On Writing by Stephen King: A Review (sort of)

If you want to be a writer, you must do two things above all others:
read a lot and write a lot. There's no way around these two things
that I'm aware of, no shortcut.
~Stephen King

I have finished reading Stephen King's On Writing, and I must say, I quite liked it. 
As I mentioned in my (then) current interests post, it was recommended to me by mother along with the words "but I can't really recommend any of his novels." 
I have no particular desire to read any of Stephen King's fiction, for he writes the sort of dark, messed-up weirdness that I know I won't enjoy. Having read his 'memoir on the craft', I do not feel the need to read his novels to study the work of a great writer. 
I have no doubt that Carrie and The Shining were well written, but I don't want to read them. 
Additionally, he speaks of Carrie quite often in On Writing, so I probably know more about it now than I would if I had actually read it. Two birds with one stone (don't throw rocks at birds that is mean). 

Have I babbled enough yet? 

I liked this book. I really did. I haven't read terribly much 'on writing' but I didn't like what I saw. I felt pressured to do things a certain way, and naturally, I hated it. 
But this book, while being FAR more opinionated and rude, was not like that. There were no opinions passive-aggressively couched in timid paragraphs talking about "the way I do things", when what they really meant was "this is how it ought to be done and people who do things differently are idiots". He sort of just said outright "I don't like this, I find it dumb." And often, I agreed.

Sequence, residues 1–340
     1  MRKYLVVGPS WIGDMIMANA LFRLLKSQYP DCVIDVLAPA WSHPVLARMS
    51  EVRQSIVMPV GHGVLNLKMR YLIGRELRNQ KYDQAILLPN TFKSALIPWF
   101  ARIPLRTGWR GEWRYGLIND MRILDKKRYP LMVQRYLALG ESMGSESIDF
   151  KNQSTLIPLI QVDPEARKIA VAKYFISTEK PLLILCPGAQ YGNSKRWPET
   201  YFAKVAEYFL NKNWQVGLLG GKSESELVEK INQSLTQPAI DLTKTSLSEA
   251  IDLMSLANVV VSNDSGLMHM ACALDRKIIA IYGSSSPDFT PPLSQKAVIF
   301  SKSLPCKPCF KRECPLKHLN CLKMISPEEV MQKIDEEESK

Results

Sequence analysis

He has opinions, he has things he hates in books and things he loves, he is quite rude, but he doesn't make you feel like you must do everything his way. Reading this book felt more like having a conversation with King, than anything else. It was a person, telling you what he liked and didn't like, and giving advice. 

The book actually begins with a bit of an autobiography, which was quite interesting. I had the feeling that my highly lovely and easy life is hindering my writing. To some extent, that is true. It seems that all the best writers led very very interesting/hard lives. Lived through extreme poverty, or deathly illnesses, or fought in a war (I'm talking about YOU Tolkien). Someone or everyone in their life died. How on earth am I supposed to be a writer without misery and tragedy? 
I have no idea. Hopefully us lucky, privileged people can write too; from our comfy seats, in our full beds, in our heated houses, with more food than we need sitting beside us, because we just enjoy eating while we write. 

I really can't summarize this book, because one of it's main points is that there isn't some magical key to being a good writer. You could, I suppose, simply say that Stephen King says that you must write the truth. He compares writing to digging up a fossil. Your job is to carefully un-earth an ancient beauty and bring it into the light without breaking it first. There are lots of tools to use, and ways to go about it, and that is up to you. But don't mess it up. Don't dig up one thing and rearrange the bones to be something else, simply because that something else is more popular.